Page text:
Naturally, there is a counterpoint to all this. Namely the dark side. In Time magazine, Bill Moyers interviewed George Lucas, who told the story of the Sith lords. Thousands of years ago, a renegade cult of Jedi formed a new dark side faction called the Sith which was built on the central ideologies of fear and greed. They were so greedy that they all killed each other off in their own mad lust for power, except for one. He was a master, who took on an apprentice, then he died, and the apprentice became a master and found a new student, etc. There were only two for thousands of years, because if there were any more, they would try and kill the leader. This went on down to the Emperor and Darth Vader in the OT. They both fed off each other's power, and each wanted to kill the other and make Luke Skywalker his new apprentice. As Lucas said, "It's the antithesis of a symbiont relationship, in which if you do that, you become cancer, and you eventually kill the host, and everything dies." So Sith lords are basically metaphors for parasitism, in which one organism takes advantage of another for personal benefit and in turn damages the other. The Sith are the parasites of the Old Republic. This is certainly demonstrated by the Machiavellian Senator Palpatine, as he manipulates an invasion of his home system in order to speed up his own ascension to power. In this example, he feeds off Queen Amidala by suggesting she call for a "vote of no confidence" in Chancellor Valorum's leadership. This results in Palpatine's benefit and Amidala's (and the rest of the galaxy's) detriment. Parasitism.

It seems to me that the Dark Side of the Force is exactly that as well. Temporarily, it grants tremendous power and energy to those who use it. In the long run however, it nearly eats them alive, from the inside out. This is no more obvious than in ROTJ, when both the Emperor, as well as the unmasked Vader, are revealed to have grown into mere shells of humanity, with sickly pale skin, discolored eyes, and decaying bodies. The dark Side acts as a cancer, and it is no doubt that that is why Lucas chose it as the opposite for symbiosis.

At a press conference in New York City, Lucas was questioned about the midi-chlorians and their conception of Anakin. After talking for a moment on immaculate conceptions, he turned to mitochondria and the biology surrounding cell division:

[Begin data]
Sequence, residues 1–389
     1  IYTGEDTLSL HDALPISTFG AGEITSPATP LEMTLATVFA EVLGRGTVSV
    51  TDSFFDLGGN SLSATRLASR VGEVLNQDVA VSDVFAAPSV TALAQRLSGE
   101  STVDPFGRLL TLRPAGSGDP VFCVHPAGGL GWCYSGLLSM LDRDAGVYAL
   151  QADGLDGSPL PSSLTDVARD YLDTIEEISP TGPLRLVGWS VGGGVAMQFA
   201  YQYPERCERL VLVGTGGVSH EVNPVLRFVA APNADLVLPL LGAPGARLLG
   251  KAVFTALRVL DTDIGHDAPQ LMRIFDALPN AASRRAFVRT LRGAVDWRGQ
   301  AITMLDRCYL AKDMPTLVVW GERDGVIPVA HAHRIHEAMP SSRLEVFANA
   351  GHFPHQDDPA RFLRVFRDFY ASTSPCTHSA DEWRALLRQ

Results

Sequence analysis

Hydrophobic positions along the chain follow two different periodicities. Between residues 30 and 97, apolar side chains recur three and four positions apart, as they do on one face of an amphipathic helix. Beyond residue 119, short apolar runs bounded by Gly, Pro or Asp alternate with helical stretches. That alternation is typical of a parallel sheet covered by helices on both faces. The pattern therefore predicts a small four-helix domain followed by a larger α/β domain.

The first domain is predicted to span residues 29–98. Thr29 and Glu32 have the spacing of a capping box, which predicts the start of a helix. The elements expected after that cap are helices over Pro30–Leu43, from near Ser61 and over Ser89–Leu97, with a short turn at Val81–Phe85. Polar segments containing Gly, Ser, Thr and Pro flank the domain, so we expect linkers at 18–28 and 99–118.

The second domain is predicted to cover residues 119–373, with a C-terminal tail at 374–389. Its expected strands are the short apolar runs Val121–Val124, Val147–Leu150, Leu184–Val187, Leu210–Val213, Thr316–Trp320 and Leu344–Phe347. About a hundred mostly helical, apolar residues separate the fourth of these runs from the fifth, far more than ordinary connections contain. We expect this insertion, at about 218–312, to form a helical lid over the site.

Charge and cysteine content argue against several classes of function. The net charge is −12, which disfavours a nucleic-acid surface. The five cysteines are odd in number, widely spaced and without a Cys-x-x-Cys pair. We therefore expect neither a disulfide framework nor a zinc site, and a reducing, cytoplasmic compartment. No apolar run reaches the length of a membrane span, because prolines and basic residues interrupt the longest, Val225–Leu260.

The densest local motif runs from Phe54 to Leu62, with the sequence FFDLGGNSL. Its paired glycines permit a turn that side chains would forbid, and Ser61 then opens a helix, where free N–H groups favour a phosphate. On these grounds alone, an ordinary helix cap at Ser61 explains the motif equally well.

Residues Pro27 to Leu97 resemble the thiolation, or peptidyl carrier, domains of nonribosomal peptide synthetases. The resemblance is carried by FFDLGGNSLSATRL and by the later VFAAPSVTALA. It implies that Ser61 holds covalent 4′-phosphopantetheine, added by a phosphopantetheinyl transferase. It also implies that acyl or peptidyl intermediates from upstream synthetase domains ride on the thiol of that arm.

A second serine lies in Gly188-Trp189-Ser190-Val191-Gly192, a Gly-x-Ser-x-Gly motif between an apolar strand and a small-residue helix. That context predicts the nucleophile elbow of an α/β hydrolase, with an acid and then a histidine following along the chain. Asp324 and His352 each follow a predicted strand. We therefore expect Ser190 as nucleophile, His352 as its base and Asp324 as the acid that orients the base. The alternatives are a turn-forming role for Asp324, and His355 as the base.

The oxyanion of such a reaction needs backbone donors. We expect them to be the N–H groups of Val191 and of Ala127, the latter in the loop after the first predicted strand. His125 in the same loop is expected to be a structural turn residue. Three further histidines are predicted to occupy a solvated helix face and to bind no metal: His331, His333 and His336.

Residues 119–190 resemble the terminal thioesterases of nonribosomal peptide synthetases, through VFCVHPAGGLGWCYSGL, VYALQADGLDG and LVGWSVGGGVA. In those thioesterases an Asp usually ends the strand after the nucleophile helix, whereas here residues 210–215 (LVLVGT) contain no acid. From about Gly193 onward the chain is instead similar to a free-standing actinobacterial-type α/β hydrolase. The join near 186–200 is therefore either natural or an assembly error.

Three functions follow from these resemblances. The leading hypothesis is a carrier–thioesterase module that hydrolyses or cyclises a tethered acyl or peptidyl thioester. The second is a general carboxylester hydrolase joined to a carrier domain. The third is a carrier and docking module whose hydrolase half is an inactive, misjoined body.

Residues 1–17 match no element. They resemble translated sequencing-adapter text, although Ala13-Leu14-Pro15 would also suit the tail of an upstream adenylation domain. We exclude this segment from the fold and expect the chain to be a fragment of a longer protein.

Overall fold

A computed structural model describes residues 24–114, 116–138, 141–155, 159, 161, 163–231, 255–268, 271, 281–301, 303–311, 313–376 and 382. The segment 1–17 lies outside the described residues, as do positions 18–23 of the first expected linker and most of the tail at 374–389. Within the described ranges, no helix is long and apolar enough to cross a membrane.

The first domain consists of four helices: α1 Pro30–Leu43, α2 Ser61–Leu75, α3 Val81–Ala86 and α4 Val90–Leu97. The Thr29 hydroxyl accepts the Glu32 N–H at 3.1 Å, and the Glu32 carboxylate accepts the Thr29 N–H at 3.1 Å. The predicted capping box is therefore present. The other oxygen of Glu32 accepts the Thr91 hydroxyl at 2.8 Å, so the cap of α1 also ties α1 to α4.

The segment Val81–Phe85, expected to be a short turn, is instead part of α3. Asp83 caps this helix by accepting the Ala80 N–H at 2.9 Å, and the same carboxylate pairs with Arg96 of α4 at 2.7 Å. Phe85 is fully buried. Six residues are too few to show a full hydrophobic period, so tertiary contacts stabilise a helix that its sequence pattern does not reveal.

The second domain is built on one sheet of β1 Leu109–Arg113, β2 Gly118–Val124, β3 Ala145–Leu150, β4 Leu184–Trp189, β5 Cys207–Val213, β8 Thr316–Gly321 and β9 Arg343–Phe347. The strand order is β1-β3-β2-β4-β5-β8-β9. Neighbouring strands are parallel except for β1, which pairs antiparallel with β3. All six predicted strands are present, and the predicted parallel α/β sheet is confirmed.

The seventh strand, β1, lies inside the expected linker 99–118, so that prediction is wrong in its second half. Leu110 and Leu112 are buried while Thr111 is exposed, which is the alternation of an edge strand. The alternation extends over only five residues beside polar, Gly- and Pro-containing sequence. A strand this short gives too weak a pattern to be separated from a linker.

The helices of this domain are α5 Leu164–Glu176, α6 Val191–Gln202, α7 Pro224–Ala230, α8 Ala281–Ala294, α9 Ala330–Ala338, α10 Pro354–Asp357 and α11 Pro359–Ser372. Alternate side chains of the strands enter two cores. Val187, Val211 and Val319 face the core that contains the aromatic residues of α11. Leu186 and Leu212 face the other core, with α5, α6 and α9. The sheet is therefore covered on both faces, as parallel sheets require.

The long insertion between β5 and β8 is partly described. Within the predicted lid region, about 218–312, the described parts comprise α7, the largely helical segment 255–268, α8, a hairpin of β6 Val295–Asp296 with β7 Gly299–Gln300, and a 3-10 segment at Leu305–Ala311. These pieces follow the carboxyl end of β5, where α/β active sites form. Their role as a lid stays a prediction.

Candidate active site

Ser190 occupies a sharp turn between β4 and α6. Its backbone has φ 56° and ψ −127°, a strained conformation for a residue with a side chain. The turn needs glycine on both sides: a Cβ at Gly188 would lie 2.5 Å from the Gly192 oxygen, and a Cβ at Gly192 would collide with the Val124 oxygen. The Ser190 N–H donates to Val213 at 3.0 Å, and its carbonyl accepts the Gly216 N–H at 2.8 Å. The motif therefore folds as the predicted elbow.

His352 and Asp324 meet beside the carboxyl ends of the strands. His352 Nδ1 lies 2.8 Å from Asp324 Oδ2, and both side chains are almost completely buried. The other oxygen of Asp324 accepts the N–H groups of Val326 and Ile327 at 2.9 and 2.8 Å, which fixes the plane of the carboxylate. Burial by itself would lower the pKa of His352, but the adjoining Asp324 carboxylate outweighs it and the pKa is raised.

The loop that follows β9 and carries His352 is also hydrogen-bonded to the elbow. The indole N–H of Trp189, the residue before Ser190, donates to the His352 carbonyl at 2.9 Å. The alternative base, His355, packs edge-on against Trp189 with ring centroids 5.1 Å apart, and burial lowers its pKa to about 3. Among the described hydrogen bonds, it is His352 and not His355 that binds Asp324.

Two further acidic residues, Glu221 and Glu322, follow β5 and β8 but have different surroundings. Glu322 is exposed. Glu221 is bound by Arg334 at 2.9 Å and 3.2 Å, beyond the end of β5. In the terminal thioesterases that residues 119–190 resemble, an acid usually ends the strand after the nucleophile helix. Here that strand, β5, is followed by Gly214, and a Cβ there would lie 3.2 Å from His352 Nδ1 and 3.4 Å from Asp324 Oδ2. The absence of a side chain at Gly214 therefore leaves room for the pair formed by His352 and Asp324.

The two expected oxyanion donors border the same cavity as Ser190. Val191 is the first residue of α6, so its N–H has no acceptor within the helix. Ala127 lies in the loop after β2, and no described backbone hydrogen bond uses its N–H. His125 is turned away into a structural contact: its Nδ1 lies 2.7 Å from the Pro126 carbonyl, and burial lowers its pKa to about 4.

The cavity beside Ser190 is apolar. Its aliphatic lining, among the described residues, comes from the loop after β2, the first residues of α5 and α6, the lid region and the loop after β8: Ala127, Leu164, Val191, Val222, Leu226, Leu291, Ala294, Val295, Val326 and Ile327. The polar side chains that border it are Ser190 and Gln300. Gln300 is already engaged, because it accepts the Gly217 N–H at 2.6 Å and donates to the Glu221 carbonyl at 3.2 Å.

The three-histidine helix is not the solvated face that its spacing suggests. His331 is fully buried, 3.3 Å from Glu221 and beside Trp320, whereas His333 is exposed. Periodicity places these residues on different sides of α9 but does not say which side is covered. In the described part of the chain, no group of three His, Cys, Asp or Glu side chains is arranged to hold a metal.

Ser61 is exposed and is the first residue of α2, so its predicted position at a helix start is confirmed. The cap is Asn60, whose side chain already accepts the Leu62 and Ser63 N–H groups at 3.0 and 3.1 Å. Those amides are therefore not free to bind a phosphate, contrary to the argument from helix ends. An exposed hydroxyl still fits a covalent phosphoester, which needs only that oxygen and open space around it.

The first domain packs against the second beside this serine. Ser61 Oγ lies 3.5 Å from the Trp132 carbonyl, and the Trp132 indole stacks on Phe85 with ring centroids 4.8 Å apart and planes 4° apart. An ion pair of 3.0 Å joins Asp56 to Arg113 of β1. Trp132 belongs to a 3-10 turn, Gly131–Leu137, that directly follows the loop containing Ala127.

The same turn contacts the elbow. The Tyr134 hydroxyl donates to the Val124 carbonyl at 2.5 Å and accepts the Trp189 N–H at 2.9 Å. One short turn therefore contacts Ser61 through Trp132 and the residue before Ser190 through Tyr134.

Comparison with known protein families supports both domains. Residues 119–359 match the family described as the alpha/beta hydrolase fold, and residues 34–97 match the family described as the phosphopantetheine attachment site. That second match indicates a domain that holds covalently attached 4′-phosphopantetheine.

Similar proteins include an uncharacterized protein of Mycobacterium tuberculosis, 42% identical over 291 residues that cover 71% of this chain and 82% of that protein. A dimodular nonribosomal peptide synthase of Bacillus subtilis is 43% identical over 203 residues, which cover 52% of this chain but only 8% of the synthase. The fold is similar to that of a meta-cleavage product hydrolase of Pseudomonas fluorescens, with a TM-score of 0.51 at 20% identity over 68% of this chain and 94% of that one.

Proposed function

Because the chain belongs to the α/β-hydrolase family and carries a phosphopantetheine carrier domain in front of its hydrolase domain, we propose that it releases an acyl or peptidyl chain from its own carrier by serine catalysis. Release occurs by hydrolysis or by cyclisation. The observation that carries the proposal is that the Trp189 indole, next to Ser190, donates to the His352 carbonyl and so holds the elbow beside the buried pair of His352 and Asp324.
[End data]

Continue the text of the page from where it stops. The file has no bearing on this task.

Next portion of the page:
"Life could not exist without it, and it's really a way of saying that we have hundreds of little creatures that live with us and without them, we'd all die. There wouldn't be any life. They are necessary for us, and we are necessary for them. And I'm using them in the metaphor to say that society is the same way: we must all get along with each other. And the planet is the same way: we must treat the other creatures on this planet with respect; otherwise, the planet will die."

 

 

Comments to: Paul-Floyd@webtv.net


Links

Lichens - an easy to understand overview of these symbiotic life forms.

Symbiosis: Mycorrhizae and Lichens - Text of a university biology lecture

Philosophy of Symbiosis - online text of what seems to be an excellent book outlining political, biological, and social symbiosis by architect Kisho Kurokawa.

Mitochondria - A great place to learn more about these cellular powerhouses.

Arthuriana - Online journal of King Arthur studies

The Holy Grail - A history of Grail legends from The Catholic Encyclopedia

The Joseph Campbell Foundation Online - Infromation on Campbell's life and work

Joseph Campbell - Mythic Reflections - An interesting Campbell interview

The Qui-Gon Jinn FAQ - Frequently asked questions about Qui-Gon Jinn - a wealth of information